breastfeeding World, black breastfeeding week,

Black Breastfeeding Week was created because for over 40 years there has been a gaping racial disparity in breastfeeding rates. The most recent CDC data show that 75% of white women have ever breastfed versus 58.9% of black women. The fact that racial disparity in initiation and even bigger one for duration has lingered for so long is reason enough to take 7 days to focus on the issue.” – BlackBreastfeedingweek.org

Breastfeeding World Celebrates Black Breastfeeding Week

In celebration of this amazing initiative Breastfeeding World will join efforts to educate women all over the world with informational posts about a variety of topics regarding breastfeeding, we will be featuring professionals from different cities around the USA who will have some great insights on the matter. 

Breastfeeding can be challenging in many situations specially if you do not have the right support you need. Women have been discriminated and humiliated for breastfeeding their babies in public (many while wearing a nursing cover), nowadays many black breastfeeding moms aren’t able to accomplish their initial nursing goals of 3 months, they get lost in the process and with lack of encouragement they cannot go on. 

Black and Breastfeeding, by Aimbriel Lasley

Aimbriel Lasley, Guest Blog Post, breastfeeding myths, breastfeeding world, breastfeeding support, breastfeeding information
Aimbriel is an Indiana native, wife and mother of four. She owns and operated Purely Maternal, LLC.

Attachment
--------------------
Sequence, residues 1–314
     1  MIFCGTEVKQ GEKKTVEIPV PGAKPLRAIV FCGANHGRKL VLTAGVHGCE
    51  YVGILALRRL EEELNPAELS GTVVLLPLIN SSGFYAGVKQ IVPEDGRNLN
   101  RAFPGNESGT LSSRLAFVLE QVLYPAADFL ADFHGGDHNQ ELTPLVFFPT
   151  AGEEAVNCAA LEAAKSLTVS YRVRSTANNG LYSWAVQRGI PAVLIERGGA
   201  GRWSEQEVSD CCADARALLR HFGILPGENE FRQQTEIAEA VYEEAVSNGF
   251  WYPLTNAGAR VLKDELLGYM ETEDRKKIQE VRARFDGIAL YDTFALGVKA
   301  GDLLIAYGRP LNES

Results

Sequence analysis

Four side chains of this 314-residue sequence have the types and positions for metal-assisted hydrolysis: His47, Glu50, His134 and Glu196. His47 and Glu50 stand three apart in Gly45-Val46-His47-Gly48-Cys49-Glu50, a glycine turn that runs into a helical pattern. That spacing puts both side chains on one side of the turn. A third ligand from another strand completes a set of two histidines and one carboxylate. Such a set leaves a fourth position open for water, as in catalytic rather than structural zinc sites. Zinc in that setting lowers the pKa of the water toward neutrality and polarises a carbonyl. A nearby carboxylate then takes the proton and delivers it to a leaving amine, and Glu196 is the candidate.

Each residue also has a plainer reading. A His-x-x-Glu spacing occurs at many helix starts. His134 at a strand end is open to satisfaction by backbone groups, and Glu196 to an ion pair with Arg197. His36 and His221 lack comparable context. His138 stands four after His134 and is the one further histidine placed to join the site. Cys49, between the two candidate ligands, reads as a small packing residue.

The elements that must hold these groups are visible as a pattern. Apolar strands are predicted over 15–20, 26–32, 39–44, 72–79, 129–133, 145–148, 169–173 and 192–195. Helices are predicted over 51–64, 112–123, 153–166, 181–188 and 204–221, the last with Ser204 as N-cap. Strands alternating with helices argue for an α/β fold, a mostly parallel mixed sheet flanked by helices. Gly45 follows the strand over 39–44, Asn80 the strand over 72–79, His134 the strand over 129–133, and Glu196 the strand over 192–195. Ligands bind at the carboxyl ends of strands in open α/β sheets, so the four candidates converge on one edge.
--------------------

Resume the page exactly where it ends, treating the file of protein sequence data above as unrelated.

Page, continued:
I would get the stares, the questions the “are you STILL breastfeeding” remarks not from strangers…but from family. I know a lot of moms get them no matter what but when you’re a black woman it can be painful. It can be painful because our black babies are dying at a higher rate than their counterparts and that our black breastfeeding rates continue to lag on a national scale. Breastfeeding is a normal nutritive response. Yet as black women, we receive misguidance. Sadly, we are frequently not empowered to continue or even pursue a breastfeeding journey with our children.

Why? Breastfeeding is how we can save our children. We save them by allowing them to thrive and be healthy, to combat illnesses later in life. Yet we are met with generational and societal barriers that continue to derail our efforts. I could go on- but instead I will leave some small tokens of encouragement for the mamas reading.

Breasts are for nurture. The belief that our breasts are sexual objects is false. Biologically, breasts are the key to life- the key to fulfillment and sustainment. Be brave! Doing things different is a good thing. At times, Black women do not see breastfeeding or know of anyone that has done so. Frequently, we receive ridicule for wanting to “break the cycle” or do things different. Be strong and make the best decision you can for you and your children. Breastfeeding is a way of life, not a fad. We are made for this! For all of the black mommies celebrating their accomplishments this week, I adore you. You set a goal, you stepped out on faith, you accomplished, you DID it.

Purely,

Aimbriel

Make sure you stop by next week to read Aimbriel’s post about Debunking 4 Breastfeeding Myths! 

Happy Black Breastfeeding Week!

Be sure to join us in our social media accounts. Stay up to date with the progress of our project!

And… Don’t forget to share your brelfies using our HT #BreastfeedingWorld 

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A photography project founded in late 2014 by Alexia Garcia, photographer a Alegares Photography. Breastfeeding World aims to promote breastfeeding and encourage new moms to nurse their babies through the art of photography and story telling.
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